Taking Submissions: Eye to the Telescope #43
Deadline: December 15th, 2021
Payment: US 3¢/word rounded up to nearest dollar; minimum US $3, maximum $25
Eye to the Telescope 43, Light, will be edited by Jordan Hirsch.
Light is so much more than meets the eye. It emanates from a lover’s smile as they walk into the room. It bleaches the bones of your enemies. It can be the minimal weight of a feather, its absence the heftiness of a black hole, eating matter and energy, regardless of wave or particle. It is the horror of a headlamp burning out miles underground; it is the nightmare of endless day, nary a shadow in sight.
Celebrate stars, whether their ancient light has travelled from time’s beginning or your ship has taken you to the birthplace of a new light-maker. Write the promise at the end of the tunnel or a sunrise of another time. Any iteration of this theme will do: as abstract as you can get or an ode to literal photons—I want to see it all. Short, long, formal, or free: just make sure it’s speculative.
Had a bulb go off? Send it my way!
- Use the form at http://bit.ly/SFPAettt43 to submit.
- Please submit 1–3 poems in English (attached as .docx or .txt) and include a short bio. Translations from other languages are acceptable with the permission of the original poet (unless public domain).
- Inquiries only to [email protected] with “ETTT” in the subject line.
- Deadline: December 15. The issue will appear on January 15, 2022.
Payment and rights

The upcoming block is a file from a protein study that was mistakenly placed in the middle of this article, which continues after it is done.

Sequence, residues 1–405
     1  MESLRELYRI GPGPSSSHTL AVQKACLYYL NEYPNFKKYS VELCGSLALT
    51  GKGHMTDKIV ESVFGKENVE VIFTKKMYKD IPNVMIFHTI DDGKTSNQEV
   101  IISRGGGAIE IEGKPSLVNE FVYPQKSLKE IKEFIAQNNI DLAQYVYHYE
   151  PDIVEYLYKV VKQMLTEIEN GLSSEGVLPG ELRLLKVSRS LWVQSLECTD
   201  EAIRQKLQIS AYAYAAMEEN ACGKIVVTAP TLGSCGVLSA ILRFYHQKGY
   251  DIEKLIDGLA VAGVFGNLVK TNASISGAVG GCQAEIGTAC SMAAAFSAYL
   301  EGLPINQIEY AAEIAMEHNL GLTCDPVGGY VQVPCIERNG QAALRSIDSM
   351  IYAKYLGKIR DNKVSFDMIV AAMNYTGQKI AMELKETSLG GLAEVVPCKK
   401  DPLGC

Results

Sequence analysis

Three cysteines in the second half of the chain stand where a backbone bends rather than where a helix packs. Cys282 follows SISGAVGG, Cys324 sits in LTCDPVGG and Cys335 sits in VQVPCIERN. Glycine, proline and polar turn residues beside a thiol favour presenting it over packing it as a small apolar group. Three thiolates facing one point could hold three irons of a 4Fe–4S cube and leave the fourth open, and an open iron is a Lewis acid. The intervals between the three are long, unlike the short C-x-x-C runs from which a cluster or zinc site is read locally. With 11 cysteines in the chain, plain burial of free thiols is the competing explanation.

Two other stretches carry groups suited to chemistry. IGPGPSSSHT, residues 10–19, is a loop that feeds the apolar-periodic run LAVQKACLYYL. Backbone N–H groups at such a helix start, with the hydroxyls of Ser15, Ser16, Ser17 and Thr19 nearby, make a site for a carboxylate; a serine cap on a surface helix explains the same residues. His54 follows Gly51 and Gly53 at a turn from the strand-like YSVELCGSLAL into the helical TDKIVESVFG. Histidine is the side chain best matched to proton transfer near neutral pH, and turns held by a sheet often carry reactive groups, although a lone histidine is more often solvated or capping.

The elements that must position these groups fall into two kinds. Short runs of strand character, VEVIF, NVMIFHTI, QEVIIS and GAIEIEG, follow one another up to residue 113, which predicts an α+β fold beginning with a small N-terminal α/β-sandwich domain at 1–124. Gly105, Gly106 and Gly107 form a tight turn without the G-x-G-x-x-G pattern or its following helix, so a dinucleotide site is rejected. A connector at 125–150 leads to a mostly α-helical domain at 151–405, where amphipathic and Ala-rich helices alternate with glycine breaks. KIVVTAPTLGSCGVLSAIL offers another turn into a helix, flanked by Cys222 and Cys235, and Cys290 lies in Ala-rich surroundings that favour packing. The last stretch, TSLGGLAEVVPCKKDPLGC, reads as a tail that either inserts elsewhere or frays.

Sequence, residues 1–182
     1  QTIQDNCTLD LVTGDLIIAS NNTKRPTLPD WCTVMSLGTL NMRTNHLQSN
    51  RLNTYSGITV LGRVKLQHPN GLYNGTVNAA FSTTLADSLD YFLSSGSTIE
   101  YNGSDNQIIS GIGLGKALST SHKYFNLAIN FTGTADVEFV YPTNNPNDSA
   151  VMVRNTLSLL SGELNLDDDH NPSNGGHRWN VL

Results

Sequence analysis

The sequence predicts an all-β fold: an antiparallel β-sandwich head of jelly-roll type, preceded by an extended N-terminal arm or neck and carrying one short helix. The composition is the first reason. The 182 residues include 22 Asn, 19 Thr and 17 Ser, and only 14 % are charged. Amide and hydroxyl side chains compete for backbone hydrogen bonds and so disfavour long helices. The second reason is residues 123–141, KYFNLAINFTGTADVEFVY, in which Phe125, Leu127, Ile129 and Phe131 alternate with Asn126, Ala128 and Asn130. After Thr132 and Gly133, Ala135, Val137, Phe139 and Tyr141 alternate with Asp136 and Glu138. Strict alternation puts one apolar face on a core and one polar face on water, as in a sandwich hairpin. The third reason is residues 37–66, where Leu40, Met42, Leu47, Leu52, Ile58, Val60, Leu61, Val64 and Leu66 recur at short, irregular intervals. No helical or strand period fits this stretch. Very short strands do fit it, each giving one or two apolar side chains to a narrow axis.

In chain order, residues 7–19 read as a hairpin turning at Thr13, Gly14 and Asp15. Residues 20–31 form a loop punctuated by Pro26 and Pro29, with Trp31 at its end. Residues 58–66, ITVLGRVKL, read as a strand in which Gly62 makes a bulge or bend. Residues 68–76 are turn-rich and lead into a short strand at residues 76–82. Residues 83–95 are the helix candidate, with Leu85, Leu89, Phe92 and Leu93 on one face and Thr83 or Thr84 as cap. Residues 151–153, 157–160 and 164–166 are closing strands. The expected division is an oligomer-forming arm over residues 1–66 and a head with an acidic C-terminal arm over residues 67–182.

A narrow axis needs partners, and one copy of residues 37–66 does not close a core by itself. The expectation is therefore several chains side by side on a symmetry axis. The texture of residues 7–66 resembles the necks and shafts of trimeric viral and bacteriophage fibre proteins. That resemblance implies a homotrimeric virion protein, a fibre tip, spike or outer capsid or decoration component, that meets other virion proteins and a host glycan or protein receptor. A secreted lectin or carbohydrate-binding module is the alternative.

- Accepted poems will be paid for at the following rate: US 3¢/word rounded up to nearest dollar; minimum US $3, maximum $25. Payment is on publication.
- The Science Fiction & Fantasy Poetry Association normally uses PayPal to pay poets, but can also send checks.
- Eye to the Telescope is an online publication. Therefore, First Electronic Rights (for original unpublished poems) are being sought.
Who can submit?
Anyone writing speculative poetry.
What is Speculative Poetry?
Speculative poetry is poetry which falls within the genres of science fiction, fantasy, and supernatural horror, plus some related genres such as magic realism, metafiction, and fabulation. It is not easy to give precise definitions, partly because many of these genres are framed in term of fiction rather than poetry.
A good starting point is “About Science Fiction Poetry” by Suzette Haden Elgin, the founder of the Science Fiction Poetry Association. Despite its title, this article is applicable all forms of speculative poetry.
Tim Jones, editor of Issue 2, had a go at defining science fiction poetry on his blog, in two parts (These blog posts date from 2009, and the Voyagers anthology has since been published. These posts do refer specifically to science fiction poetry, rather than the broader field of speculative poetry.):
What Is the Science Fiction & Fantasy Poetry Association (SFPA)?
As the SFPA says on its website at sfpoetry.com, “The Science Fiction Poetry Association was founded in 1978 to bring together poets and readers interested in science fiction poetry. What is sf poetry? You know what they say about definitions—everybody has one. To be sure, it is poetry (we’ll leave that definition to you), but it’s poetry with some element of speculation—usually science fiction, fantasy, or horror. Some folks include surrealism, some straight science.”
See the SFPA site for lots more information—and please consider joining.
- About the Author
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Stuart Conover is a father, husband, published author, blogger, geek, entrepreneur, horror fanatic, and runs a few websites including Horror Tree!